preserved the issue, and we will address it.

Berninger, 761 A.2d at 222

n.5 (emphasis added). Here, unlike in Berninger, where the claimant’s
arguments were “beyond the purview of th[e] Board[,]” Claimant could have raised the issue
before the WCJ and in the Notice of Appeal to the Board, but did not do so.

Id. Further, it is

unclear whether Claimant raised it in her brief to the Board since, as in Berninger, Claimant’s brief
to the Board is not a part of the record in this case.
                                                  8
            issue before the WCJ, orally or in writing, before, during,
            or after any one of three hearings, held over the course of
            over five months (and not until her brief to the Board),
            [Claimant] never filed a penalty petition for any indemnity
            [benefits] due up to the time of the supersedeas order[ and
            Claimant] asked for reconsideration of supersedeas and
            never raised the timeliness of the hearing as an issue.

Employer Br. at 11.

            In Wing v. Unemployment Compensation Board of
            Review, . . . 

436 A.2d 179

([Pa.] 1981), [the Pennsylvania
            Supreme Court] held:
                  [T]he administrative law tribunal must be
                  given the opportunity to correct its errors
                  as early as possible; diligent preparation
                  and effective advocacy before the tribunal
                  must be encouraged by requiring the
                  parties to develop complete records and
                  advance all legal theories; and the finality of
                  the lower tribunals’ determinations must not
                  be eroded by treating each determination as
                  part of a sequence of piecemeal
                  adjudications.

Id. at

. . . 181 (applied to administrative law proceedings
            the holdings of Dilliplaine v. Lehigh Valley Trust Co., . . .
            

322 A.2d 114

([Pa.] 1974), and Commonwealth v. Clair, .
            . . 

326 A.2d 272

([Pa.] 1974), which announced the same
            waiver rule in civil and criminal cases, respectively). In
            Dilliplaine, [the Supreme Court] [] stated:
                  Appellate court consideration of issues not
                  raised in the trial court results in the trial
                  becoming merely a dress rehearsal. This
                  process removes the professional necessity
                  for trial counsel to be prepared to litigate the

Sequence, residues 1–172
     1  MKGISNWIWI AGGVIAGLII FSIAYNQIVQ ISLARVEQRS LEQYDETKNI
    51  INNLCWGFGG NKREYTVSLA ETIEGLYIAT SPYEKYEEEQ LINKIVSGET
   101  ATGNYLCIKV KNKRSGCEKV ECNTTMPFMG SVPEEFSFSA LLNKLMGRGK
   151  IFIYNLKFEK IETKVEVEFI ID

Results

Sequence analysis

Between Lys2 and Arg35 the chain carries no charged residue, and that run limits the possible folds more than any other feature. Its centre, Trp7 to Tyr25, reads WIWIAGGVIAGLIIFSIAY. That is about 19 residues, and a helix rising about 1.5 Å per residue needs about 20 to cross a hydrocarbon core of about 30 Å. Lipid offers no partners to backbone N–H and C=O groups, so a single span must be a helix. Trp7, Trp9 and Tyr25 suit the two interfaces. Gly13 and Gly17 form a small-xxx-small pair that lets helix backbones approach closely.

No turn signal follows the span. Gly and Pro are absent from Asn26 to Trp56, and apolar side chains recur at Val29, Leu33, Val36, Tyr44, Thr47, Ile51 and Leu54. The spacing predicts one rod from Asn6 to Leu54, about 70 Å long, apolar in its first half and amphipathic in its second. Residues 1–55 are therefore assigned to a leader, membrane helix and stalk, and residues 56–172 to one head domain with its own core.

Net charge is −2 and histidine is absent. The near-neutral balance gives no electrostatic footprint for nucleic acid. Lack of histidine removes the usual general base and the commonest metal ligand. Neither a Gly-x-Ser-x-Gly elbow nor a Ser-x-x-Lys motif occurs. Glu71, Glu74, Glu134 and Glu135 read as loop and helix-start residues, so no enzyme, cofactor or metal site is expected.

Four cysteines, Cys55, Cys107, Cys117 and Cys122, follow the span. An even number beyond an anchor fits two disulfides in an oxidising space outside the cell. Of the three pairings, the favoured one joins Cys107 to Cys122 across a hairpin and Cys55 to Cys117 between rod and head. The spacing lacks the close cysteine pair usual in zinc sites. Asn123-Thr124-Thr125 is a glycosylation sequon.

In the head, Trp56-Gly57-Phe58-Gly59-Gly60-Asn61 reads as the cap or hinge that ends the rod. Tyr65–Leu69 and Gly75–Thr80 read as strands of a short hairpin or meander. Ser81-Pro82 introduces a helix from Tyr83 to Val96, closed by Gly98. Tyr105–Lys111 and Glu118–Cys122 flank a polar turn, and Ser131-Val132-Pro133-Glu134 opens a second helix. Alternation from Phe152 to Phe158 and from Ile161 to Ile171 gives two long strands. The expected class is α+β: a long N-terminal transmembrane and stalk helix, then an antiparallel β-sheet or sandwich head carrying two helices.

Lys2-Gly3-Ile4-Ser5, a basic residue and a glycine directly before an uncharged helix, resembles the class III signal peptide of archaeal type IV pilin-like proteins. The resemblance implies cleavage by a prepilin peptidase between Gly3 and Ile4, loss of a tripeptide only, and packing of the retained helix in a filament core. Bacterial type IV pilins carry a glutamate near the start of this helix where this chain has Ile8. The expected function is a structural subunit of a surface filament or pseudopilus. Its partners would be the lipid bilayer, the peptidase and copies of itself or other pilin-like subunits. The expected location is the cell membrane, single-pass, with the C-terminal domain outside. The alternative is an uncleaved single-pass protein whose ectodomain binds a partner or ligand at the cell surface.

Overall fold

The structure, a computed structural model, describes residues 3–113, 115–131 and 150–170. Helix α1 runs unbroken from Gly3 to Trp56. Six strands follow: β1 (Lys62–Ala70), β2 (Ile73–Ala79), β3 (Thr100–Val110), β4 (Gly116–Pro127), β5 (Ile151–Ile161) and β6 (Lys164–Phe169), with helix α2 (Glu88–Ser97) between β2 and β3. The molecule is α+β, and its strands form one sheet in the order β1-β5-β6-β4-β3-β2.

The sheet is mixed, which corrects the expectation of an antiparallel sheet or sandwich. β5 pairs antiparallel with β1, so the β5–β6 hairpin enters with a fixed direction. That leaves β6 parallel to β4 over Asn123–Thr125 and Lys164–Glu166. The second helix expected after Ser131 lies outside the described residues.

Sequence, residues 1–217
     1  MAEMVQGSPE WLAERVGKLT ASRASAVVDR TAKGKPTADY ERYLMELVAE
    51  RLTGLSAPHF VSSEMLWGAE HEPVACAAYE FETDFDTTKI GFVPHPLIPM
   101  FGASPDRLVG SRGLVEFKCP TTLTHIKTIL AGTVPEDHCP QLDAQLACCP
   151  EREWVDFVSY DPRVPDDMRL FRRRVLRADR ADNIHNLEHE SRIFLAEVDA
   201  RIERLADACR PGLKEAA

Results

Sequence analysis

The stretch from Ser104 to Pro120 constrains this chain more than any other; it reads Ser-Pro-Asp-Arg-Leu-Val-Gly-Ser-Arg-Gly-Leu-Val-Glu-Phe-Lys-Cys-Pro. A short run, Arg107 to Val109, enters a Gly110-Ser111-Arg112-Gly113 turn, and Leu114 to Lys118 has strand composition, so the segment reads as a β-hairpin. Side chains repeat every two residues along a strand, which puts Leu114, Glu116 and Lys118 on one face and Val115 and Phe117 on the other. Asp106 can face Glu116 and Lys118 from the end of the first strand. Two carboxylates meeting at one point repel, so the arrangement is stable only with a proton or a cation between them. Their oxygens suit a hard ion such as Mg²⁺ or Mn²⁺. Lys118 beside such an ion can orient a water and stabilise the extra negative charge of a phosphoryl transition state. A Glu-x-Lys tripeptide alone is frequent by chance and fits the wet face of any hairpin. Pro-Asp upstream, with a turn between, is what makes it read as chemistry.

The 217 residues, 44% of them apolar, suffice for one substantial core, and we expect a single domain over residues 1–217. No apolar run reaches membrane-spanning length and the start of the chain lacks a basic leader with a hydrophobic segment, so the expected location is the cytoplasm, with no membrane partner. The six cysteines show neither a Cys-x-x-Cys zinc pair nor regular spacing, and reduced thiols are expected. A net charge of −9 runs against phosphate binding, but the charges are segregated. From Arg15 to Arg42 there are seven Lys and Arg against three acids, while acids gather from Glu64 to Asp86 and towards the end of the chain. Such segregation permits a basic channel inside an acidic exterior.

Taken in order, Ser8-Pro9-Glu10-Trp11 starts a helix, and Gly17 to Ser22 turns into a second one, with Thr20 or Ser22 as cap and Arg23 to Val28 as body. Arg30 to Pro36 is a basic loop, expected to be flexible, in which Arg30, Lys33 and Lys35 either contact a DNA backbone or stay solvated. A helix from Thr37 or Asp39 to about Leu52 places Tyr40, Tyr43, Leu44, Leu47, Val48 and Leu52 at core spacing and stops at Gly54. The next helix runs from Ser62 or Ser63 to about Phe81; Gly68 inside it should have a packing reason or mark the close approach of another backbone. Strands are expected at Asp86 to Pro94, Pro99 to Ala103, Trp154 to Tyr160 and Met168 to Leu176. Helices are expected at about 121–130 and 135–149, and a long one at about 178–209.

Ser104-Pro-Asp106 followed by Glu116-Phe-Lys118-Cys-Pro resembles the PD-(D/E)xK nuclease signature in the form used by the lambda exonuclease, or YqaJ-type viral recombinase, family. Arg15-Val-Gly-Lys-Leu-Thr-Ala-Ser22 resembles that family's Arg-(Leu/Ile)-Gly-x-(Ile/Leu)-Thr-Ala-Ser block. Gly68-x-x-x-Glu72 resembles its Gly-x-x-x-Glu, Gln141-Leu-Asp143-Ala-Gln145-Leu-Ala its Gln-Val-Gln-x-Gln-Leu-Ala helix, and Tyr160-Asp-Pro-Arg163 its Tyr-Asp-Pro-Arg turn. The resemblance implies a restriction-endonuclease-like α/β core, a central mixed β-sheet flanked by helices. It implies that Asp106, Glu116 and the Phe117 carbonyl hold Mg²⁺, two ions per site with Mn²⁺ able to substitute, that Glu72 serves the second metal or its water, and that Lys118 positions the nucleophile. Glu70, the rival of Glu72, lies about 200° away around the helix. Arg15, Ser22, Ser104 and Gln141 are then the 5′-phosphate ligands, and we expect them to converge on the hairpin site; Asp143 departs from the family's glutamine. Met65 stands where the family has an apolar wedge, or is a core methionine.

case fully at trial and to create a record
                  adequate for appellate review. The ill[-
                  ]prepared advocate’s hope is that an appellate
                  court will come to his aid after the fact and
                  afford him relief despite his failure at trial to
                  object to an alleged error. The diligent and
                  prepared trial lawyer - and his client - are
                                         9
                       penalized when an entire case is retried
                       because an appellate court reverses on the
                       basis of an error opposing counsel failed to
                       call to the trial court’s attention.
               Dilliplaine, . . 

. 322 A.2d at 116

.

Rox Coal Co. v. Workers’ Comp. Appeal Bd. (Snizaski), 

807 A.2d 906

, 912-13 (Pa.
2002) (emphasis added).
               Claimant did not at any time complain to the WCJ that the WCJ failed
to comply with the 21-day hearing requirement so that the WCJ could “correct [her]
errors as early as possible[.]”

Id. at

912 (quoting 

Wing, 436 A.2d at 181

). Insisting
that Claimant did not waive the timeliness issue, Claimant declares that “within the
WCJ’s Decision, the issue of the timeliness of hearings was addressed, with the WCJ
holding that a ‘hearing must be scheduled within 21 days of []Claimant’s filed
challenge.’ [R.R. at ]257a[].” Claimant Reply Br. at 3. Accordingly, Claimant
concludes, “[i]t is clear the issue of timeliness of the Challenge Petition was at issue,
and that the WCJ was aware of the issue as she rendered a decision thereupon.”

Id. However, the passage

to which Claimant refers is merely one in a group of
paragraphs discussing the legal standards and requirements for the various Petitions
at issue.6 It is not indicative that Claimant raised the issue before the WCJ. Nor did
Claimant raise the issue in her Notice of Appeal to the Board. Thus, Claimant
waived that issue.
               Claimant next contends that the WCJ committed reversible error by
failing to timely rule on Claimant’s Challenge Petition and Supersedeas Request.
Section 413(c)(1) of the Act states:

               If the employe contests the averments of the insurer’s
               affidavit, a special supersedeas hearing before a [WCJ]
               may be requested by the employe indicating by a checkoff

      6
          See R.R. at 257a.
                                            10
               on the notification form that the suspension of benefits is
               being challenged and filing the notification of challenge
               with the [D]epartment [of Labor and Industry] within [20]
               days of receipt of the notification of suspension from the
               insurer. The special supersedeas hearing shall be held
               within [21] days of the employe’s filing of the notification
               of challenge.

77 P.S. § 774.2(1).
               Further, Section 131.50a of the Board’s Regulations provides, in
pertinent part:

               (a) This section governs the disposition of an employee’s
               request for a special supersedeas hearing made in
               connection with a challenge to the suspension or
               modification of [WC] benefits under [S]ections 413(c) and
               413(d) of the [A]ct[7] (77 P.S. §[§] 774.2[,] 774.3).
               (b) A special supersedeas hearing will be held within 21